Some people track how much money they have in their bank accounts by relying on their memories. They believe that they will remember every transaction they make, every transaction that automatically comes out of their account, and approximately how much money is available in their checking account at any given time. But what happens if you can’t remember? What happens if you end up overdrawing your account because you have less money available than you thought? If this describes you, it might be time to learn how to answer, “What is balancing a checkbook?”
In short, balancing a checkbook is documenting how much money is in your bank account. This document should include all deposits, withdrawals, fees, or any transactions made on your account that affect your balance, starting from the day the account was first opened. If your records don’t go that far back, it’s not a problem. You can begin to balance your checkbook from any point where you can confirm that the amount you have available matches the amount the bank says is in your account.
Some companies, such as Intuit QuickBooks, can help you balance your checkbook by keeping track of all your bank transactions. Unfortunately, programs like these can be costly. Fortunately, balancing your checkbook is something you can do on your own.
Did you make a resolution that you would stay on top of your finances? If yes, or even if you just want to be better at tracking your money, it’s good to know that confirming how much your bank claims is in your checking account is relatively easy.
Of course, if you don’t know what balancing a checkbook means, then you likely don’t know “How do you balance a checkbook?” Here’s some info that could help.
What Is the First Step In Balancing a Checkbook?
You will need to take a few steps to find out how much money is in your account and if the information you have matches the information the bank has. But what is the first step in balancing a checkbook?
The first step you must take is to create a checkbook register where you keep track of all transactions. These registers typically are included when you order checks. If you aren’t ordering new checks, just ask for one. Your bank may provide one for free or for a minimal charge. If you prefer, use a spreadsheet program (think Excel or Google Sheets) to track the money in your account.
How Do You Balance a Checkbook?
Once you have a check register and understand what balancing a checkbook means, here is what you need to know to answer the question, “How do you balance a checkbook?”
First, you should record all transactions in your register when they occur. If you’re making an ATM withdrawal or depositing money in the account, for instance, write it in your register. You can keep a running balance.
After you create a checkbook register with a running balance, you will need to reconcile it with your bank statement. The steps of balancing your checkbook are:
Have your bank statement available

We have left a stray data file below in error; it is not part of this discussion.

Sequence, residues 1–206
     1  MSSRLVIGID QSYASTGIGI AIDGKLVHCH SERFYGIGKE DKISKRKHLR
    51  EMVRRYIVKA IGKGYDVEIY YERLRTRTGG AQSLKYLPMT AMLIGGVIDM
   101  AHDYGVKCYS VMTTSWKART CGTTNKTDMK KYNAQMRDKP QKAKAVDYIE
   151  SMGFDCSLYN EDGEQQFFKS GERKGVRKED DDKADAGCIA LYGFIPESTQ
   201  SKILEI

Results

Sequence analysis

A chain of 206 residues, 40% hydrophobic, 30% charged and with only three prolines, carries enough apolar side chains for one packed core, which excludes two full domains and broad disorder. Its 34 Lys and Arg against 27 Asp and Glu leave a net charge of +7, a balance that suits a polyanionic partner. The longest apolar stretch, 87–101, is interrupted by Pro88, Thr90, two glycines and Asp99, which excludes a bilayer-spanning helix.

Your bank will send you a statement every month, showing all the transactions made during a specific period. Some banks send these via snail mail, and others send them electronically. Whether looking at a paper document or information on your computer, you just need to ensure that you have it in front of you so that you can compare your records to the bank’s.
Record your beginning balance and any transactions made
It’s preferred that you keep a record from the day you open your account. However, you can still confirm how much money is available as long as you have a verified balance to start with. Any transactions you record will only be those that occurred after that balance amount was established. Generally, if you can’t begin tracking from the day you opened an account, it’s probably easiest to use the ending balance from the previous month. Verify that the balance amount you are starting with is the same amount the bank shows.
Add interest earned to your checkbook
Some checking accounts enable you to earn interest on the money in your account. Almost all banks that offer this require you to maintain a minimum balance. If you are fortunate enough to earn interest, you must add this amount to your check register. Once this information has been added, verify these transactions against the bank statement.
Subtract any service charges or fees
If you are charged a monthly service charge, a fee for using an ATM, a fee for insufficient funds (not having enough money in your account to cover a transaction), or any other miscellaneous charges or fees, these amounts must be deducted from your balance. In your checkbook register, you will record such services and fees, but it’s vital that each transaction is entered on its own line. If you group them together, you might not remember how you came up with the total amount. After all charges and fees are accounted for, confirm that the bank charged you the same amount you recorded for each.
Review all your deposits and withdrawals